17-year-old Helena Muffly wrote exactly 100 years ago today:
Sunday, March 2, 1913: Went to Sunday School this morning. Besse and Curt were out this afternoon. Went to church this evening.
Her middle-aged granddaughter’s comments 100 years later:
Grandma’s oldest sister Besse was married to Curt Hester. They were frequent Sunday visitors.
When I was young, Sunday afternoon was considered the perfect time to visit friends and relatives. People generally didn’t work on Sunday, or clean house on Sunday. Stores were closed.
We’d often get unexpected “company” on Sunday afternoons. We looked forward to getting these visitors. There was no expectation that people would call ahead to see if we were busy. No matter what we were doing (and we were probably just reading or playing games), we’d welcome the guests—and would consider ourselves fortunate that people liked us enough to visit. I picture that the customs were similar a hundred years ago.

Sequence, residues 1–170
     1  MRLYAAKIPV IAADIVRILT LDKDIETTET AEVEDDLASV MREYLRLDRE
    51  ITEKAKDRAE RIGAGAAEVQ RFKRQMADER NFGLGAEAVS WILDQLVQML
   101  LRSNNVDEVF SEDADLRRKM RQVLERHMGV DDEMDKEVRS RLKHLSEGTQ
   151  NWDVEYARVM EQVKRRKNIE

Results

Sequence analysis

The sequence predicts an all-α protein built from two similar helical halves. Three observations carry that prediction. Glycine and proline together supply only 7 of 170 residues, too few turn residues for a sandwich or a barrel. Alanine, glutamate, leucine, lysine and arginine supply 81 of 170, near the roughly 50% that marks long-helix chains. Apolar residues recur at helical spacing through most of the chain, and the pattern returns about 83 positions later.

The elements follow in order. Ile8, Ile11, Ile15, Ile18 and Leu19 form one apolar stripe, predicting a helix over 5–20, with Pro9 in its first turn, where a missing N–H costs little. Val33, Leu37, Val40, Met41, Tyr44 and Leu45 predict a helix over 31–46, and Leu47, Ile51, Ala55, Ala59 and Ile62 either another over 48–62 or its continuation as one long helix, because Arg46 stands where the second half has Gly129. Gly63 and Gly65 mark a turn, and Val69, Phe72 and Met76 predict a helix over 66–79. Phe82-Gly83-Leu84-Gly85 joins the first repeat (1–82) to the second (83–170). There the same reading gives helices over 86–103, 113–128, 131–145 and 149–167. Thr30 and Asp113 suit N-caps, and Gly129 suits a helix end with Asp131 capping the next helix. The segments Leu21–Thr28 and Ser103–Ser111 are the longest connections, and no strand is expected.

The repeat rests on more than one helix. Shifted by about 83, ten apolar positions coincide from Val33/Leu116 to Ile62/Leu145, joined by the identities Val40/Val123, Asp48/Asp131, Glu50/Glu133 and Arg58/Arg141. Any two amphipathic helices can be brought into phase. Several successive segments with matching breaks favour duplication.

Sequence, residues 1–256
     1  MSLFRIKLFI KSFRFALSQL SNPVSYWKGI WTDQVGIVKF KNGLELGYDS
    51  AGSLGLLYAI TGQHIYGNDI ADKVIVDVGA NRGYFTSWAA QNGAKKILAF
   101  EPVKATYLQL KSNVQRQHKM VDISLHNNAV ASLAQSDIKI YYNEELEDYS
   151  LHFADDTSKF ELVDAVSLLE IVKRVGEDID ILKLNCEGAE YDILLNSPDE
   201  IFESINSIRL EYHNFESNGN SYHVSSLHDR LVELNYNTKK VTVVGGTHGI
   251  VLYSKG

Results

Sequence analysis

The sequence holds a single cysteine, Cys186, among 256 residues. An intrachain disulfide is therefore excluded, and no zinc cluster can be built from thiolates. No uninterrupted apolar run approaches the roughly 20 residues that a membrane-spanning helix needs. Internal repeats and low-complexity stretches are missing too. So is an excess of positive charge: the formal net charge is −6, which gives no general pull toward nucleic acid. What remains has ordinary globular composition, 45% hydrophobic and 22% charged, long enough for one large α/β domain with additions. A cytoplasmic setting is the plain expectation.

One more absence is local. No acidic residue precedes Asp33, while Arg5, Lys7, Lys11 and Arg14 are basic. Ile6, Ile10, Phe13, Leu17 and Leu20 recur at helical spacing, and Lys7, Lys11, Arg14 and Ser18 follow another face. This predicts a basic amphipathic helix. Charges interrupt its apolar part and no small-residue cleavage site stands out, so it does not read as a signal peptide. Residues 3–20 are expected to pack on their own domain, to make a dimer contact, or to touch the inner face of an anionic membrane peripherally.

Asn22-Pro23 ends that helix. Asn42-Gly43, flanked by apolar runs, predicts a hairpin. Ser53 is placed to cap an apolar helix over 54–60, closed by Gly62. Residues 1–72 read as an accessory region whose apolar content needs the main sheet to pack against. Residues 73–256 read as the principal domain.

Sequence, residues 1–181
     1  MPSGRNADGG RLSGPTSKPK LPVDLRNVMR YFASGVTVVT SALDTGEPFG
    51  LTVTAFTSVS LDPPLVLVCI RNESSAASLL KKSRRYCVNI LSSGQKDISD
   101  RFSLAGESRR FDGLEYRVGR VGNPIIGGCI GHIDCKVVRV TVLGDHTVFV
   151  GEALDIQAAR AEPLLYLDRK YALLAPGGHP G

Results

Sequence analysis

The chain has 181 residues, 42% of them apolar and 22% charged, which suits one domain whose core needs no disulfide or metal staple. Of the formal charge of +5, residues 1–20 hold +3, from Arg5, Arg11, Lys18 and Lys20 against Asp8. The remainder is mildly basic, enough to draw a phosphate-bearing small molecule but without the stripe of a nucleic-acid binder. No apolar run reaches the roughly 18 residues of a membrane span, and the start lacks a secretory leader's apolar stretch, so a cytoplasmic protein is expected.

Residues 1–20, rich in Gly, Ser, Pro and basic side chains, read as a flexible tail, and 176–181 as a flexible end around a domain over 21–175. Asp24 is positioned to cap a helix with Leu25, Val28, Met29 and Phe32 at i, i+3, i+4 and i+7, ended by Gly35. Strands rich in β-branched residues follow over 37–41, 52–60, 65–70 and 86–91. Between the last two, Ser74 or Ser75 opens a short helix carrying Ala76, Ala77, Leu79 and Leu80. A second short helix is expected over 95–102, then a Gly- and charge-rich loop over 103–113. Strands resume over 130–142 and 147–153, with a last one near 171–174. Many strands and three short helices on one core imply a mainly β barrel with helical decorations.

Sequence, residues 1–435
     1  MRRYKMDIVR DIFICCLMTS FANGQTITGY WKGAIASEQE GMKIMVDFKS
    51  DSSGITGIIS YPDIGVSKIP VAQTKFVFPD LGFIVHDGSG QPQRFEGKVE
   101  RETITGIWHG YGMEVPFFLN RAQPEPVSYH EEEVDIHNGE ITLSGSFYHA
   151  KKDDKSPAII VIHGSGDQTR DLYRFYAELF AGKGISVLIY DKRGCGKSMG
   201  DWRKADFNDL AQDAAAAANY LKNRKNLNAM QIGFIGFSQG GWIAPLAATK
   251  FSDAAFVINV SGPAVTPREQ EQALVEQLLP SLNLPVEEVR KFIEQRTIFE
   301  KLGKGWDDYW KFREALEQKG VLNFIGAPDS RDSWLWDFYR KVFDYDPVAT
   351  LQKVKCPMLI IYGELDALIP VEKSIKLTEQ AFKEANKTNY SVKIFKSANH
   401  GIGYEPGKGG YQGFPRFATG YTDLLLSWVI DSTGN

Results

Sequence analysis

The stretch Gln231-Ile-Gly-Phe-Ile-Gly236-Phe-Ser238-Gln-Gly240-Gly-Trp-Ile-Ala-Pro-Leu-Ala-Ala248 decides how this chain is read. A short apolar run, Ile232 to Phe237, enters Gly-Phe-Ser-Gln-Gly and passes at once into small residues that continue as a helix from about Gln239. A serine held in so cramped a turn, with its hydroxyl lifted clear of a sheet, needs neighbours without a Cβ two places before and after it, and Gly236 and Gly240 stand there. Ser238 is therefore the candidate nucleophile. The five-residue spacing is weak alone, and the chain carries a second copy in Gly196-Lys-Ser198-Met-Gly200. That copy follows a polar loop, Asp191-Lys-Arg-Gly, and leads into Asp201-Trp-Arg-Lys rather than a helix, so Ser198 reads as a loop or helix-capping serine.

Today, it’s considered impolite to stop by someone’s house without first texting, emailing, or calling first. Sometimes I think that people were more hospitable years ago (or maybe they were just less polite).